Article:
Reverse Shoulder Replacement

Shoulder arthritis can cause significant damage to the bones in a shoulder joint. A reverse shoulder replacement can be used to replace the damaged joint when other conditions, such as rotator cuff tear arthropathy, are affecting the shoulder. Read on to learn how the replacement works, who it is suitable for, and what to expect from the procedure.

Dr. Brent J. Morris is an expert at treating shoulder conditions. Feel free to book a consultation with him in Lexington, Kentucky today!

Dr. Brent J. Morris, MD, smiling.

Orthopedic Shoulder & Elbow Surgeon located in Lexington, KY

What is Reverse Shoulder Replacement?

Reverse shoulder replacement is a procedure used to replace a shoulder joint. The way the replacement works is in reverse to a conventional (total) shoulder replacement.

A total shoulder replacement mimics the normal function of a shoulder joint. A metal ball is attached to the humerus (upper arm bone) and a plastic cup is fitted on the shoulder socket (glenoid).

With a reverse shoulder replacement, the plastic cup and metal ball are in a switched position. The plastic cup is fitted to the upper arm bone and the metal ball is attached to the shoulder blade.

How Does Reverse Shoulder Replacement Work?

A reverse total shoulder replacement works differently from a conventional shoulder replacement. With a conventional shoulder replacement, the rotator cuff muscles help to move the shoulder through the range of motion and give power to shoulder movements. This is similar to how a healthy shoulder works.

Reverse shoulder replacements rely on the deltoid muscle instead of the rotator cuff to move and power the arm. This makes it a better treatment for those with torn rotator cuff tendons or rotator cuff tear arthropathy.

Candidates for the Procedure

You may be a candidate for reverse shoulder surgery if you have:

  • Cuff tear arthropathy
  • A large rotator cuff tear that can’t be repaired
  • A previous shoulder replacement that was unsuccessful
  • Severe shoulder pain and difficulty lifting your arm away from your side or over your head
  • A chronic shoulder dislocation
  • A complex fracture of the shoulder joint
  • A tumor of the shoulder joint

Your doctor may likely try non-surgical treatments, such as rest, medications, cortisone injections, and/or physical therapy first. If these have not relieved your shoulder pain, then they may recommend reverse shoulder surgery.

What to Expect During and After Surgery

The reverse shoulder replacement procedure is an open surgery procedure where your surgeon will need to make an incision to access the joint. Your surgeon will first remove the damaged bone before replacing the joint with the replacement components.

Once your shoulder surgery is finished, you will be transferred to a room to recover from the general anesthesia. Most patients should be able to return home on the same day as the surgery, while others may need to stay overnight. Your doctor will let you know which is necessary in your case.

You will be given medication to fight off potential infection, as well as medication to reduce pain. Pain medication can help aid recovery. It may include opioids, local anesthetics, or non-steroidal anti-inflammatory drugs (NSAIDs).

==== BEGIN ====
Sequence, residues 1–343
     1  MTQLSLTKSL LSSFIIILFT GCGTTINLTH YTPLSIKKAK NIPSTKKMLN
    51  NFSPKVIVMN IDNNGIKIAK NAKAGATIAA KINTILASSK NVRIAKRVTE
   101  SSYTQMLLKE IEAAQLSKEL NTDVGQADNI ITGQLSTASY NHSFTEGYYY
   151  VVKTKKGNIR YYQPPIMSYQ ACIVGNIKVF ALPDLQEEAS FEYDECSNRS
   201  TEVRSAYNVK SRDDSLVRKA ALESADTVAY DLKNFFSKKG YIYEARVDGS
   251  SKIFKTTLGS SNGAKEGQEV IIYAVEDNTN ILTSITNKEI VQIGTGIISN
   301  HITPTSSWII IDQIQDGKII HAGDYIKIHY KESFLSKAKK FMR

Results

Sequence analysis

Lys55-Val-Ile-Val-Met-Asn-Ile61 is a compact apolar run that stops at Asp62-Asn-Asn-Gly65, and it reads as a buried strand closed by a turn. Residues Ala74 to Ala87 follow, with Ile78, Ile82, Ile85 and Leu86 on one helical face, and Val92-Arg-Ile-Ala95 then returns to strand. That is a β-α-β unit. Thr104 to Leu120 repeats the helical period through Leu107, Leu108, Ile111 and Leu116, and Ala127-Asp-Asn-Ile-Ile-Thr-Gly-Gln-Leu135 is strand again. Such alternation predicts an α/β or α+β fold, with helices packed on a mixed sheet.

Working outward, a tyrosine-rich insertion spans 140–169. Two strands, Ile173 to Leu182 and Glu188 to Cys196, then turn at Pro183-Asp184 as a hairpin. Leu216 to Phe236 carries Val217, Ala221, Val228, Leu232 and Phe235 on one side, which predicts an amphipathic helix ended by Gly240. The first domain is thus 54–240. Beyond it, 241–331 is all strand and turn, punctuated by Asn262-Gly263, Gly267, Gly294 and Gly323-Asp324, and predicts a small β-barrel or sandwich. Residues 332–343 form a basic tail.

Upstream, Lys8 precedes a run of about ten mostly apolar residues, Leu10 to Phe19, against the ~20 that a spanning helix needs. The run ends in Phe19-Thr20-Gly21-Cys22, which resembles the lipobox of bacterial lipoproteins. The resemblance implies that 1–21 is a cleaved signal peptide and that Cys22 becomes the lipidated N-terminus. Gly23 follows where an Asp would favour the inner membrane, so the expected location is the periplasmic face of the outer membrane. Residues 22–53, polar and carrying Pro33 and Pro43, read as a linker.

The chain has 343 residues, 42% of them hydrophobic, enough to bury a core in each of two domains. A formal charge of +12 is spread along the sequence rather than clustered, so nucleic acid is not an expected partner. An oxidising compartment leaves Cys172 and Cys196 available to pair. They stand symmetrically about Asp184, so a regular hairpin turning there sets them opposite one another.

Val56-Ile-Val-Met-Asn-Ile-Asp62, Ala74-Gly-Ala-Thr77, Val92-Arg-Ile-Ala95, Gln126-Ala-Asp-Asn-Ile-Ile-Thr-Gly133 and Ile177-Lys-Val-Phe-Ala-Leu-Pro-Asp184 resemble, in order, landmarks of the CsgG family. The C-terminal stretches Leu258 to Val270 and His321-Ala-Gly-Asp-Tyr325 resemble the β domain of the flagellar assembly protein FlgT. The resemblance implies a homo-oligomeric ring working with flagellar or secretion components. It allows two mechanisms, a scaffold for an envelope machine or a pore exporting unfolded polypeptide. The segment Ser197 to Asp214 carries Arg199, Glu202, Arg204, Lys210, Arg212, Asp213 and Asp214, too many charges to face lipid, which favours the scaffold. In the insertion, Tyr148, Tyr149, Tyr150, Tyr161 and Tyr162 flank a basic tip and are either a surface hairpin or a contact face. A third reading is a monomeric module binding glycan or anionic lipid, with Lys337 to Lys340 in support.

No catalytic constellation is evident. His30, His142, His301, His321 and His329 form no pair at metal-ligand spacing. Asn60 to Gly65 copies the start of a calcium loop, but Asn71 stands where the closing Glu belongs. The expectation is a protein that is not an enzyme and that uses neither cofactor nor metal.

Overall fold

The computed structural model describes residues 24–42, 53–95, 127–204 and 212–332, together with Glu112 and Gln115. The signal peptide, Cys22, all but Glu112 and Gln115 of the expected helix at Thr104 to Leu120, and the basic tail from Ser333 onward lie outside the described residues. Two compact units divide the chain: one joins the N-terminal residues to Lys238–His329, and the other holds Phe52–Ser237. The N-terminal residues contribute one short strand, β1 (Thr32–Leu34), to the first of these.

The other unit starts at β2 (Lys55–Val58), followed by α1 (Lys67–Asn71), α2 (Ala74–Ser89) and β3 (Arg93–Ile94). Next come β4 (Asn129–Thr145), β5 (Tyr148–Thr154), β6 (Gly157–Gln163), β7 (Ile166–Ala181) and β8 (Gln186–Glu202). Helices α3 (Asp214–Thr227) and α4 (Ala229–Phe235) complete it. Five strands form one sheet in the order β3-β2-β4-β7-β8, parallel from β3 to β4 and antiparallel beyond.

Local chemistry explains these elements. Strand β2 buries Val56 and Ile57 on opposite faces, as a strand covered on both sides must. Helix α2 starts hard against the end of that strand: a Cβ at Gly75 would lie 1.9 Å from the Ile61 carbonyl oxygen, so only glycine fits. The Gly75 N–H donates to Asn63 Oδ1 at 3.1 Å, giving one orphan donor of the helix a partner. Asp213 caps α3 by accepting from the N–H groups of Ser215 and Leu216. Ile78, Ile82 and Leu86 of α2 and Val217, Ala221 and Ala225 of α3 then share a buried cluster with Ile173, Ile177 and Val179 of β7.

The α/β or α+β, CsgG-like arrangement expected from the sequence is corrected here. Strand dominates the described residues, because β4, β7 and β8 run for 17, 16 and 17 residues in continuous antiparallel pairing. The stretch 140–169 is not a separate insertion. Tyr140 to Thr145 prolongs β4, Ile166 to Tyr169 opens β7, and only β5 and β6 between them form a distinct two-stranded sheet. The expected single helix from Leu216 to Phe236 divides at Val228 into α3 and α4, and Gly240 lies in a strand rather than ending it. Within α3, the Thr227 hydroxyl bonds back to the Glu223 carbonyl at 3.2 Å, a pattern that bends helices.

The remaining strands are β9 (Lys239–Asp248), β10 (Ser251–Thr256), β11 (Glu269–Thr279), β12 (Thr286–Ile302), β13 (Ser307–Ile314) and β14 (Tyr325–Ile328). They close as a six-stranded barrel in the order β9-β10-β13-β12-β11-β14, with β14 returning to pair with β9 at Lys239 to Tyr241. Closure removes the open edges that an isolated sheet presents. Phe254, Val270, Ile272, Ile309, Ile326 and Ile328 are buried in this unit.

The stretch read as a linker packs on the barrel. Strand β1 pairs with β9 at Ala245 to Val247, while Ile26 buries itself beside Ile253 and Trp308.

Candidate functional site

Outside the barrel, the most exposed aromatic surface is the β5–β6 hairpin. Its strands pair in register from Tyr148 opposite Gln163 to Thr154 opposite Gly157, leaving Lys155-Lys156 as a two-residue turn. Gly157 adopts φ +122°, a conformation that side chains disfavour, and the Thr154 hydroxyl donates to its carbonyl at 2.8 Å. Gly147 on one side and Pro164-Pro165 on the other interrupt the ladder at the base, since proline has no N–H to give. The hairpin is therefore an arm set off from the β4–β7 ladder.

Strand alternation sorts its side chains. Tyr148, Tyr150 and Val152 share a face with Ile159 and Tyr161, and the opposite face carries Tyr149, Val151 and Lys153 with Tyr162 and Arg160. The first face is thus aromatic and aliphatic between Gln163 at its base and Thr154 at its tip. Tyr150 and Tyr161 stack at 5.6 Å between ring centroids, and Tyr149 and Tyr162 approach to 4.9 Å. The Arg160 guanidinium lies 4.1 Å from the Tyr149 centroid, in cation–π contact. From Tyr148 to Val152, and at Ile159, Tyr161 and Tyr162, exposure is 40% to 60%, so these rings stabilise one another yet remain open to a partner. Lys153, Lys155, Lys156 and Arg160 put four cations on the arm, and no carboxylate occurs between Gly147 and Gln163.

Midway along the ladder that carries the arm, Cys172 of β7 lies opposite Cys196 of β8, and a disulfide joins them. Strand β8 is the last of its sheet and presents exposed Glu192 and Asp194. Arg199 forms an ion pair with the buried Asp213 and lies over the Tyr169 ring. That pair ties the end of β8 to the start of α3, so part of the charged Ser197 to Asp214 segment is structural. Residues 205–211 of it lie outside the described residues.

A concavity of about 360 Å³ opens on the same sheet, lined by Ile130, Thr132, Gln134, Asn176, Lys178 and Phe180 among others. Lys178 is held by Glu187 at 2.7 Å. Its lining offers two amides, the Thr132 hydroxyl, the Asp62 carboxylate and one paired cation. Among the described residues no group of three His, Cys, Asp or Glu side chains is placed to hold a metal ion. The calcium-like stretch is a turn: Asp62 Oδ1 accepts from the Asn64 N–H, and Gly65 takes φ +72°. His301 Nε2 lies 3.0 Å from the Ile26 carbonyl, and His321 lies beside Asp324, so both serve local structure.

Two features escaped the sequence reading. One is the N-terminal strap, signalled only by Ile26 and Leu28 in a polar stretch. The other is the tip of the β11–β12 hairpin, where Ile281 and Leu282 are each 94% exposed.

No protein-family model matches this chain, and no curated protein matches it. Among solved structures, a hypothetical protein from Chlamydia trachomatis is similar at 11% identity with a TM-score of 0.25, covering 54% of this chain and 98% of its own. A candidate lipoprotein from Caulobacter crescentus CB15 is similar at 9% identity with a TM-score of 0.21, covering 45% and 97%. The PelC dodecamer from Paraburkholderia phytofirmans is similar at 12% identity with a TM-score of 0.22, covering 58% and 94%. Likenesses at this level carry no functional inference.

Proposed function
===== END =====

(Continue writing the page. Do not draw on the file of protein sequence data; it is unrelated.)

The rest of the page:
Your arm must be supported by a sling during the initial phase of recovery. Additionally, physical therapy exercises may be given to help strengthen the joint and work on your range of motion. This will help your shoulder to remain flexible and strong.

You can expect to return to some daily activities—such as eating, dressing, and grooming—within a few days after surgery. You may be asked to attend a follow-up visit in the office for X-rays to monitor your shoulder.

Surgical Complications and Risks

Your surgeon will make a personalized analysis to see whether a reverse shoulder replacement is suitable for your condition. The surgical risks of a reverse shoulder replacement could include bleeding, infection, or nerve damage.

Complications particular to a reverse shoulder replacement include wear to the components, loosening of the replacement joint, and potential dislocation. If you experience any of these complications, your surgeon may need to redo the procedure.

Results and Outcomes of Reverse Shoulder Replacement

After you have recovered from the surgery, you will likely be able to lift your arm to just above your shoulder height. This will allow you to touch the top of your head or reach into a cupboard.

Most patients are satisfied with the outcome of a reverse shoulder procedure. It can provide excellent pain relief from pain caused by shoulder arthritis.

Book a Consultation Today

Brent J. Morris, MD, understands the impact shoulder pain and limited mobility can have on your life. Our office is committed to providing cutting-edge solutions like reverse shoulder replacement surgery. With the expertise and personalized care provided by Dr. Morris, we aim to help you rediscover comfort, mobility, and an active lifestyle.

Ready to regain your shoulder function and freedom from pain? Contact us for a consultation. Our office can be found in Lexington, Kentucky.


Medically reviewed by Brent J. Morris, MD